Summer is almost over for Knox County. School will be starting up again August 10 and now is the perfect time to talk to your kids about one drug that is often overlooked.


Coming back to school from a long summer vacation is an exciting time for teens. They’ll be greeted by their favorite teachers, get to see their friends every day and get back to playing sports and participating in other extracurricular activities. Don’t let one of those extracurricular activities become alcohol abuse.

According to the 2013 Knox County Schools High School Youth Risk Behavior Survey:

  • 60% of Knox County high school students have had at least one drink of alcohol during their lifetime.
  • 15.7% drank alcohol for the first time before 13 years of age.
  • 18.3% participated in binge drinking at least one day in the 30 days before the survey.

There are many reasons teens decide to start drinking, two of them being peer pressure and stress. It is easy for a high school student to get caught up in a social situation where they’re pressured to drink. Teenagers who believe alcohol makes it easier to socialize, for example, tend to drink more than those who don’t believe that alcohol loosens their social inhibitions. Teens are also at greater risk for developing alcohol-related problems when alcohol is readily available at home or among their peer group, and if drunkenness is acceptable.

Teenagers find it a lot more difficult to cope with stress. This leads to anxiety, exhaustion and tension. Several conditions, like college entrance exams, relationships with friends and family, grades and more, can all be potential stressors for teenagers. Unfortunately, many teens turn to alcohol to relieve their stress.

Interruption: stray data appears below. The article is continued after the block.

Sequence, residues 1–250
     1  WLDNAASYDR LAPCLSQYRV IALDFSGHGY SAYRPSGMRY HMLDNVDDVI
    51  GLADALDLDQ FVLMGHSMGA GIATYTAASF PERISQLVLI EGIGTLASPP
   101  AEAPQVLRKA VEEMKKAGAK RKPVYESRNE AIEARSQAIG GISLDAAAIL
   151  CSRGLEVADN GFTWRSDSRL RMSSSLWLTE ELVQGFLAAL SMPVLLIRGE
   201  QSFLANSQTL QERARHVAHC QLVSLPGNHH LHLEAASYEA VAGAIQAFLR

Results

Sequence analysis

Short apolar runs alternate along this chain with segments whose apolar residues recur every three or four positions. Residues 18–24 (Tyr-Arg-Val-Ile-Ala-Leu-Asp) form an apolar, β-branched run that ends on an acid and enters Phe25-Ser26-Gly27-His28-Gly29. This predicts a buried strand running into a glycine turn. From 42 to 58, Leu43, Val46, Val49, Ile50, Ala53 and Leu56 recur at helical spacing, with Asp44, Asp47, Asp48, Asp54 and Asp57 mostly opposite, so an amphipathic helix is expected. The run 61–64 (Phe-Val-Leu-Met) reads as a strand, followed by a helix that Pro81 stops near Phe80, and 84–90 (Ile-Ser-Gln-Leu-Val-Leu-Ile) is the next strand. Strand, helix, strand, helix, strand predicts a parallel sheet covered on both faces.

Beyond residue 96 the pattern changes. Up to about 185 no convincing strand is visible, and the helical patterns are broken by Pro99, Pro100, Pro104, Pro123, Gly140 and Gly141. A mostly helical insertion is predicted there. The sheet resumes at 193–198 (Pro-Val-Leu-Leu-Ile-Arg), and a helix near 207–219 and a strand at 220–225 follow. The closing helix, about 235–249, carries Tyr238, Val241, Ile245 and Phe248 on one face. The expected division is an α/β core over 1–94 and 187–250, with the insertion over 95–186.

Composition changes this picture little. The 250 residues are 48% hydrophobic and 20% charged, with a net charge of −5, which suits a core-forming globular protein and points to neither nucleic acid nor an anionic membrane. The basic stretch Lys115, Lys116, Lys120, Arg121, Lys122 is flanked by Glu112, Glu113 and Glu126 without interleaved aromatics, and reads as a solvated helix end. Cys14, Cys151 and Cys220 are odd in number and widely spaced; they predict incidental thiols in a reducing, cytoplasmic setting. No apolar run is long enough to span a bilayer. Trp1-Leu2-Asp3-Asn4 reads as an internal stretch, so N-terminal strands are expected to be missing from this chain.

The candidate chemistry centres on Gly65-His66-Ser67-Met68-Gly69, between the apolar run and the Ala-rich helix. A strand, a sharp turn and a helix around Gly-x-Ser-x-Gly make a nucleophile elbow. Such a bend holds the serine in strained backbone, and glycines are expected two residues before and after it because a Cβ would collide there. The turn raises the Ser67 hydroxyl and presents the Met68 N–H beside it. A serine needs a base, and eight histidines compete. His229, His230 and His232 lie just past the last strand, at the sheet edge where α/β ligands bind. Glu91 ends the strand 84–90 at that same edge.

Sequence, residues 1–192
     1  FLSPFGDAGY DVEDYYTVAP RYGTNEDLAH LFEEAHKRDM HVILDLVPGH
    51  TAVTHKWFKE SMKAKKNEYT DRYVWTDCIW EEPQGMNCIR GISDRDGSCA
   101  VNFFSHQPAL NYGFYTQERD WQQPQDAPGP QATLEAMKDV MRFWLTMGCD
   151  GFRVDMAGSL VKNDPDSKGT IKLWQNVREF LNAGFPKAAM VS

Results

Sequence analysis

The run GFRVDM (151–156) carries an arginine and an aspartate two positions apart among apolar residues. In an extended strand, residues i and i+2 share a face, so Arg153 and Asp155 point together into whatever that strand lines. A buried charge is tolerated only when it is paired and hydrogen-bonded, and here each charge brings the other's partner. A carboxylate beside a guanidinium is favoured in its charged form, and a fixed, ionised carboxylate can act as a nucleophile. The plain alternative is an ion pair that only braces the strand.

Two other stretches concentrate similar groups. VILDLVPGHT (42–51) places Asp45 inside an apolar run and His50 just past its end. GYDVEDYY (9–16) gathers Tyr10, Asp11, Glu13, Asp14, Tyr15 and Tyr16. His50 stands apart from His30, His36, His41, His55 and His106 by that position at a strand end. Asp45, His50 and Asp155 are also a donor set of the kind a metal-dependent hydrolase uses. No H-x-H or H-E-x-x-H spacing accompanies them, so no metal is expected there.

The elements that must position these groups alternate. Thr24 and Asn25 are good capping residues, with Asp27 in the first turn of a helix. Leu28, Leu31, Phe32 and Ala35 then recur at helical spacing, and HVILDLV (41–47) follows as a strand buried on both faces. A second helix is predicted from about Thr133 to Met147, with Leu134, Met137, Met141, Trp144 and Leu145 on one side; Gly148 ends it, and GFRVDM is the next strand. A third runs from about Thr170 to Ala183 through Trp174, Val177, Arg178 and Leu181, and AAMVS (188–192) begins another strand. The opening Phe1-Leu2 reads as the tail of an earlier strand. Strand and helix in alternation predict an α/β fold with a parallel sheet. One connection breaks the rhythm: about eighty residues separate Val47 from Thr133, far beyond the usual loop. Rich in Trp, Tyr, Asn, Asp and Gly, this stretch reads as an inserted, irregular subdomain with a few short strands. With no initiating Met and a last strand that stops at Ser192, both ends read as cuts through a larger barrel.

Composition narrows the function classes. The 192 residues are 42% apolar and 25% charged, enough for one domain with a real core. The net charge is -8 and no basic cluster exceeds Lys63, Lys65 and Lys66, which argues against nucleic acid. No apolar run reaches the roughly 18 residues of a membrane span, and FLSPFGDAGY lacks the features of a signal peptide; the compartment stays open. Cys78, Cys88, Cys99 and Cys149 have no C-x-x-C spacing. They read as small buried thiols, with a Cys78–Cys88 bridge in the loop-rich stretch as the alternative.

Talking to kids openly and honestly about the risks of drinking can help reduce their chances of drinking. Set the stage early by letting your teen know that he or she can talk to you about anything, without judgment or lecturing.

It is important for teenagers to understand that alcohol is a drug and consuming it at an early age can simply be the start of a lifelong struggle with alcoholism. Ethanol, commonly known as alcohol, found in beer, wine and spirits is a psychoactive drug that has a depressant effect. Some researchers believe that heavy drinking at this age, when the brain is still developing, may cause lasting impairments in brain functions such as memory, coordination, and motor skills.

Drinking alcohol is an activity that will affect your teen in his or her every day life. Drinking disrupts sleep patterns, which can make it harder to stay awake and concentrate during the day. This lack of sleep can lead to struggles with studying and poor academic performance. Drinking can also cause barriers in relationships due to a change in personality, like becoming angry or moody, when someone is under the influence.

While most people recognize the importance of discussing alcohol with kids, they are not always sure when to initiate this discussion. Adolescents are often nervous and confused as they face their first opportunities to try alcohol and are often interested to hear your thoughts on the subject. Start the conversation now and allow your kids to have a safe and happy school year.

If you or someone you know is struggling with alcoholism, GET HELP.